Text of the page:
ban_bossyIn fact, I call them bossy, in a bad way, whenever they act like their needs and desires matter more than anyone else’s in the room. When they insist that every environment and every other human adapt to suit them, first and foremost, including their paper-thin skins. When they claim to know everything, all the time. When they disregard the effect their conduct has on other people’s feelings, as we all make our way in our shared world.

Yes, being called “bossy” is a bad thing, but that’s because being “bossy” is a bad thing. It’s uncomfortable behavior coming from anyone, woman or man, girl or boy.

In the twenty-five years since I graduated from law school, I’ve had great bosses — truly great, inspiring leaders, teachers, supporters, and friends — who would have been mortified if anyone thought their work behavior was “bossy.” Not because being called that would have intimidated them from taking on the mantle of true leadership, but because they knew true leadership is not about bossing. It’s about compassion, patience, and the habit of thinking about others and not just your own self. It’s about that most endangered human quality, in our self-regarding culture: kindness.

Wouldn’t it be something if we could all lean in to that.

Growing on Me, Part 2: Our (Questing) Town.

Here in Boomtown, we’re all hepped up.

Last November, Travel and Leisure magazine named us — yes, our own Nashville — as Number 8 in their definitive list of  “America’s Best Cities for Hipsters.”  We came in only three spots behind New York City (that includes hipster mothership Brooklyn), and we completely smoked poor old Seattle, which dropped to Number 11 from being Number 1 just last year.  Ouch.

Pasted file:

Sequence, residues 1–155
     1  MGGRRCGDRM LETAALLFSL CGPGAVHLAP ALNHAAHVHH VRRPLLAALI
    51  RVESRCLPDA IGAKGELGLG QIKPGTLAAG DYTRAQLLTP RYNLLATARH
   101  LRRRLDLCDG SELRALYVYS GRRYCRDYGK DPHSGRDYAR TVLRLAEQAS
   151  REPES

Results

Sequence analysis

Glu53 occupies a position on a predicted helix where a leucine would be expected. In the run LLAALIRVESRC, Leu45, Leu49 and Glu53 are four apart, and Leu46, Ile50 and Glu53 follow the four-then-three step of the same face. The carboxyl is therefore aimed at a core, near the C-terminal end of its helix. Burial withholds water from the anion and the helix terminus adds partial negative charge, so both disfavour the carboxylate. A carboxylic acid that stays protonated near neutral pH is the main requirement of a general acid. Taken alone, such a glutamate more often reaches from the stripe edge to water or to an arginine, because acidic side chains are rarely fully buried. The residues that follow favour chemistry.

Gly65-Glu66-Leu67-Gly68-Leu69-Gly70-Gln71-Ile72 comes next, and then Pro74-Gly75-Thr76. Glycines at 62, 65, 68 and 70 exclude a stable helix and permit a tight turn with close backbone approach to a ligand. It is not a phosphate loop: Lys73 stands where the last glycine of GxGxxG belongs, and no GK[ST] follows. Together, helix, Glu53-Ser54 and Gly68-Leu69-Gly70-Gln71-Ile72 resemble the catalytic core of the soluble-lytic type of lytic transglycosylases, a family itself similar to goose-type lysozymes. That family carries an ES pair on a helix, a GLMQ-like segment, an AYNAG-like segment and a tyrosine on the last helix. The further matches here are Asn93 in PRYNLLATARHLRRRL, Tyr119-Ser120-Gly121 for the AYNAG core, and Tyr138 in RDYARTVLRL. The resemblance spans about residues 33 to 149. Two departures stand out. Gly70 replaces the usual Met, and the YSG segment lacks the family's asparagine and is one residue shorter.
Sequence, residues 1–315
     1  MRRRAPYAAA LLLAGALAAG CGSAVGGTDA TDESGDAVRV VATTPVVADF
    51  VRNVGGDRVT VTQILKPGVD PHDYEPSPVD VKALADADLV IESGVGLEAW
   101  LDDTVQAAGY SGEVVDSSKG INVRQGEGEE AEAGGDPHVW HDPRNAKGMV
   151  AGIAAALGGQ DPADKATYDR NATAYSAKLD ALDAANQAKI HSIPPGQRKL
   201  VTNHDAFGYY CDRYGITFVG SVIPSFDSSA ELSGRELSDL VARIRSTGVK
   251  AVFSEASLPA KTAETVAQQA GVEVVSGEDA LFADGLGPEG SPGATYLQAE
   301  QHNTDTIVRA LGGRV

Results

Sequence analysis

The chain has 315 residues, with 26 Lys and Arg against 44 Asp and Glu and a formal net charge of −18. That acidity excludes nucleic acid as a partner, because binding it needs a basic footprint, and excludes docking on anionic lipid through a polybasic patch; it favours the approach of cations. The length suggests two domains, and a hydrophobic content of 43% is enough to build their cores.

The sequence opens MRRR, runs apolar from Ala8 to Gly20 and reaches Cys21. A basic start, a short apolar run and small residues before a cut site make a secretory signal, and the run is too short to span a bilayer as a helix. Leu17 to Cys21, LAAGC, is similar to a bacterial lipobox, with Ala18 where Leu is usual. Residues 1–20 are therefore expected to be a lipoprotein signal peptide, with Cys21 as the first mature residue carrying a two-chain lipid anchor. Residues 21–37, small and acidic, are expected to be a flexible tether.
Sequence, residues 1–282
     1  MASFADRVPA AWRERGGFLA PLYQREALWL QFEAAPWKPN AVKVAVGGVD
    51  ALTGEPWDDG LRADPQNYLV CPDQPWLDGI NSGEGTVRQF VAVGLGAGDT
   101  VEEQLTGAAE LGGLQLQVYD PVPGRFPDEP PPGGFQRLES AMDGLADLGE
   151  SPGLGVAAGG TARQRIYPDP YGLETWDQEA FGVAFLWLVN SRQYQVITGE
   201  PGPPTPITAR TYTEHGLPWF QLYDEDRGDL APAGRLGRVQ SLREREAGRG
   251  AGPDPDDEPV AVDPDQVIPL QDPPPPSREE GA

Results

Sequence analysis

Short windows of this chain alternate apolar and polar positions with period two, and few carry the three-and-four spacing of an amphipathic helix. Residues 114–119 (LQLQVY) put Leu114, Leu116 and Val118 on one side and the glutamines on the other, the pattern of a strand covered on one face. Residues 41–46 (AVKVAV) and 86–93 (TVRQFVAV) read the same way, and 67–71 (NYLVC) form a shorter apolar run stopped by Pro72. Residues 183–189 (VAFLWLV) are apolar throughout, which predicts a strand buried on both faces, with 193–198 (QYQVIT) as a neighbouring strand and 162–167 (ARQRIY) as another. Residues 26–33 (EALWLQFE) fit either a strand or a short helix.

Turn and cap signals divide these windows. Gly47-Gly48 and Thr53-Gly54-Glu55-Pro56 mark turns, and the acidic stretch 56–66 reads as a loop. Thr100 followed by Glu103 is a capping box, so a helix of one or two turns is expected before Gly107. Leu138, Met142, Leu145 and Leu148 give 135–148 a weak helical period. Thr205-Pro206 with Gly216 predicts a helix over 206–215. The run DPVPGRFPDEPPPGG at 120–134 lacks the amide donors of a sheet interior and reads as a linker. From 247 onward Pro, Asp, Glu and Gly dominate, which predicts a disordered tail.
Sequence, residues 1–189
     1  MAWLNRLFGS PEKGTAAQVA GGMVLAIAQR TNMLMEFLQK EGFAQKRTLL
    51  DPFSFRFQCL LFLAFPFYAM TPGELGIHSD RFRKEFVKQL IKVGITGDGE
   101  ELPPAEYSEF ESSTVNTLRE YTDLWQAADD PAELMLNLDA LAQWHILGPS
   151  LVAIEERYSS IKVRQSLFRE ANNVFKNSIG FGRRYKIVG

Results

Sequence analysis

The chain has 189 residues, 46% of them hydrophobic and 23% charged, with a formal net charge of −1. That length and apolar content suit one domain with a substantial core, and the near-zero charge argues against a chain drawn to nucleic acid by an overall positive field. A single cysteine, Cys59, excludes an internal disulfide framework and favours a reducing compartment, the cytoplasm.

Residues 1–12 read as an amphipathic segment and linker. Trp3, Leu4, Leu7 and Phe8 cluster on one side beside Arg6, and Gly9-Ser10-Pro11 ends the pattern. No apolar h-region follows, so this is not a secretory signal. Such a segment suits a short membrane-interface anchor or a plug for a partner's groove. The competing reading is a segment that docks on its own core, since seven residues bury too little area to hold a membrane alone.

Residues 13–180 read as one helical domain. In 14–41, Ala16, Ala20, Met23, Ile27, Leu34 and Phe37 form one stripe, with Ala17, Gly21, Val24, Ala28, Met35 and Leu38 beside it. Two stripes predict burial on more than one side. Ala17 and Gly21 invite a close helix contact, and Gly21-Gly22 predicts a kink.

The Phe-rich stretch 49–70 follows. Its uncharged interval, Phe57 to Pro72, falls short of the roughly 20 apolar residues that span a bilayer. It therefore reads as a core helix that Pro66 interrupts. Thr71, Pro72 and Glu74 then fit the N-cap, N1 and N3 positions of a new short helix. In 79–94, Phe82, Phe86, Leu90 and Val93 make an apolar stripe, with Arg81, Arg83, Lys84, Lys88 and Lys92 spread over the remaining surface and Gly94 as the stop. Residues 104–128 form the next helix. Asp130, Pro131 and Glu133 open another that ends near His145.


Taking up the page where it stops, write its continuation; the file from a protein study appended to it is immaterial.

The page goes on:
About 625,000 people live in Nashville today.  We’re expecting a million newcomers in the next 25 years.

That’s a lot of artisanal cappuccino.

the_goose_that_laid_the_golden_eggsOf course, they’re all welcome, bless their hearts.

Still,  I treasure any vestige of authentic Nashville.  Like last Tuesday’s policeman.

I’d been reading The Evolution of God, by Robert Wright. It’s an engrossing study of how human societies — at least those we can somehow observe — have always included an idea of extra-material, even supernatural, forces in their understanding of the natural world and humans’ place in it. Wright argues that humans’ ways of envisioning that extra-material force, our ways of talking about gods or even God, have changed over time to keep up with our advances in science and technology.  As our cultures have evolved, so has God.  Wright thinks this is a good thing: good for us, good for our idea of God.